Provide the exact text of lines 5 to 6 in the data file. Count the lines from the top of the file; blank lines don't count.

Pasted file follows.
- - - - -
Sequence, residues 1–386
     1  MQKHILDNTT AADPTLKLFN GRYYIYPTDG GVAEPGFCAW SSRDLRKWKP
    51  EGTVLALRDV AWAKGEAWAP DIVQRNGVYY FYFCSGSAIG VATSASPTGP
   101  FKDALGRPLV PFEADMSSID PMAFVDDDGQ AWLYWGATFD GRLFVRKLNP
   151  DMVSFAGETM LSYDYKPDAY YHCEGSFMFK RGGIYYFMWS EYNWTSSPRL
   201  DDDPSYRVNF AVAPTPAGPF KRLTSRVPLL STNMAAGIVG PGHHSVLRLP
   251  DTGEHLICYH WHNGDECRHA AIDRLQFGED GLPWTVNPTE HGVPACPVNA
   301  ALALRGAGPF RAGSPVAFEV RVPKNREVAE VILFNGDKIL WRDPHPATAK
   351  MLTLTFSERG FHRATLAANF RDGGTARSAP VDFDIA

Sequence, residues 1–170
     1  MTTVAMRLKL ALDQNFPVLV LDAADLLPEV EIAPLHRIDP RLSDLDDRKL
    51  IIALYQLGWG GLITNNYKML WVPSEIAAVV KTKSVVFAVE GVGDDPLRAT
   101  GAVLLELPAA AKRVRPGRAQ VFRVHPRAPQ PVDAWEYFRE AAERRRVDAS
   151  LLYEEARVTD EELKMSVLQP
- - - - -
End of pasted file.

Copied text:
   151  DMVSFAGETM LSYDYKPDAY YHCEGSFMFK RGGIYYFMWS EYNWTSSPRL
   201  DDDPSYRVNF AVAPTPAGPF KRLTSRVPLL STNMAAGIVG PGHHSVLRLP